Corporations have been quick to adopt collaboration/communications applications – specifically Slack and Teams – which were further accelerated by the shift to hybrid and remote workforces due to the pandemic. If your company is using these SaaS solutions, be aware that there are security concerns that are not easily addressed with the native security features these applications provide. You’ll face significant challenges trying to shut down access to corporate files and data that may be inadvertently shared through Slack or Teams. Here’s a closer look at the issue and a possible solution:
The sudden rise and hidden dangers of Slack and Teams
Most likely your company, like so many others, needed to find new ways to communicate and collaborate with internal and external partners when Covid-19 scattered workers from their offices to their homes. Benefiting greatly from this shift were Slack (42% growth in paying customers from one year to the next) and Microsoft’s Teams (from 32 million to 145 million daily active users in a year).
Companies found themselves sharing files and data via these SaaS applications with not only internal employees, but with consultants, external agencies, freelance workers, suppliers and whomever else they needed to partner with to get the work done. New channels were added, as well, to funnel information to specific parties – all with minimal-to-no oversight by security and IT teams.
Of course, there’s good reason to encourage collaboration; it’s a mainstay of doing business now. But the problem is that too many businesses fail to see the risks they run when relying heavily on SaaS applications such as Slack and Teams.
The avenues to sensitive data opened by collaboration applications
SaaS data exposure risks arise from seemingly benign activities:
Guarding against such SaaS data access risks
While both Slack and Teams have security features built in to protect the applications, themselves, from external threats, they are not well-equipped to straighten out the dangers posed by the common sharing actions just described. No native tools exist to help the IT or security team determine the answers to a variety of practical questions:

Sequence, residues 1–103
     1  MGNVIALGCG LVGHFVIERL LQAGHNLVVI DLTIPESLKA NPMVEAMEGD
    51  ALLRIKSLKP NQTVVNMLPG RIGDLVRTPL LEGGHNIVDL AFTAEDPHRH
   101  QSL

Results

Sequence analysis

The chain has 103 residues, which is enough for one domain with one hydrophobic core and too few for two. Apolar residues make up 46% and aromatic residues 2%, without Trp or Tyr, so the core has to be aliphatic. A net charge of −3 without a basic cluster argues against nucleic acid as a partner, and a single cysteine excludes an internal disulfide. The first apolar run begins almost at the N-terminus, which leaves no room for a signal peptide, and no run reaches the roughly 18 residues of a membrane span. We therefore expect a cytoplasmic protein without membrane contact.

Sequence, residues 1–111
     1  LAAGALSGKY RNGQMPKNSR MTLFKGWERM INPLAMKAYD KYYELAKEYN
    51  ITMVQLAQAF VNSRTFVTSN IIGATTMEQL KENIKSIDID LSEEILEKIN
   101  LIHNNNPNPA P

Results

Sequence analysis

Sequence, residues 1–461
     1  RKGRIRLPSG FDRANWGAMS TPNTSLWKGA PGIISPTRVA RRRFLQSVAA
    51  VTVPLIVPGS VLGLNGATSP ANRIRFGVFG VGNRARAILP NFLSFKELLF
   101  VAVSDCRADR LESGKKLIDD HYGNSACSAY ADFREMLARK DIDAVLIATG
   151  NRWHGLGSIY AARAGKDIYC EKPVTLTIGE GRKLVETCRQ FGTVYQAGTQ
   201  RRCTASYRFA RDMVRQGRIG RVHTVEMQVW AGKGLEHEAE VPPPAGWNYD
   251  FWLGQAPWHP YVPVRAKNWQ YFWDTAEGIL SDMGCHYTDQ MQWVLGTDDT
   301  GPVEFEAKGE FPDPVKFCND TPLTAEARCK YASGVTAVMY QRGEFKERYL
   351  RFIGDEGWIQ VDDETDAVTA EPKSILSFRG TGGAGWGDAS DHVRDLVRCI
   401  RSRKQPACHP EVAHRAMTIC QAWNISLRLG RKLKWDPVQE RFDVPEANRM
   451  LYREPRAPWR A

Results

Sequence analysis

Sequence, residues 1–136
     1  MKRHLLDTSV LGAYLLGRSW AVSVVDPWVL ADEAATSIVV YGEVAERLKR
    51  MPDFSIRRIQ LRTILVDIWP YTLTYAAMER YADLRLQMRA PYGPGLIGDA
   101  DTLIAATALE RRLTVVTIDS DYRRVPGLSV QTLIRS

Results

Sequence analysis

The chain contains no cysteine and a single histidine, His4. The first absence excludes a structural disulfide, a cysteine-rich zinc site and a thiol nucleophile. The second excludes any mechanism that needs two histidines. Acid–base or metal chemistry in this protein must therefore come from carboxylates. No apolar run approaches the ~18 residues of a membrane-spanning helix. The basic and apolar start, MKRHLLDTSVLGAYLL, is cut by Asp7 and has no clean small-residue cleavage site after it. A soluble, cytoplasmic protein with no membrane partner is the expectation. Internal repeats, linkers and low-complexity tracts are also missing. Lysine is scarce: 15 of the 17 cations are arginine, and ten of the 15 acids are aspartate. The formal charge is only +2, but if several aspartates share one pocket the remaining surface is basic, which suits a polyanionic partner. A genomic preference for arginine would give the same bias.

Teams does offer some ability to address these issues through native security features. But as we discussed in our blog about the unrealistic manual effort needed to secure multiple SaaS applications, your team likely will still have to find a way to control data access provided by any number of other SaaS apps besides those produced by Microsoft.
And even so, it takes significant effort to shut down access because there’s very little automation for the actions required. In short, the IT/security teams would need to review each channel and user manually to determine what needs to be closed. More perniciously, sharing provided through a user will remain in Slack or Teams, even when the user has been deleted.
An automated solution through DoControl’s centralized platform
With DoControl, all the manual work that would be required to shut off unwanted or outdated access gained through Slack and Teams can be automated. You can quickly determine which channels no longer should be open, which files and data access points remaining after a user has left should be shut down, and what other vulnerabilities you’re facing. And even better, all can be addressed with automated processes that will save considerable time and effort and help keep your company safe.
To learn more about how DoControl can save you time and costs in shutting down unwanted access in not just Slack and Teams but all major SaaS applications, get in touch with us.
This stat comes from the industry report we published earlier this year: The Immense Risk of Unmanaged SaaS Data Access. It’s a great read. We recommend you check it out.
Just as is with the cloud, securing SaaS is a shared responsibility. Providers are responsible for ensuring the security of their platforms, but there is an onus on the organization consuming the service to protect themselves from data overexposure and exfiltration, as well as cyber breaches and attacks.
In this blog we are going to focus on three of the most widely adopted SaaS applications, based on revenue and growth, as well as just general popularity. We will highlight the pitfalls and security gaps (note: these apps are not inherently insecure!), and how DoControl can help deliver a single, unified strategy to SaaS application security and reduce the risk of both data exfiltration and cyberattacks.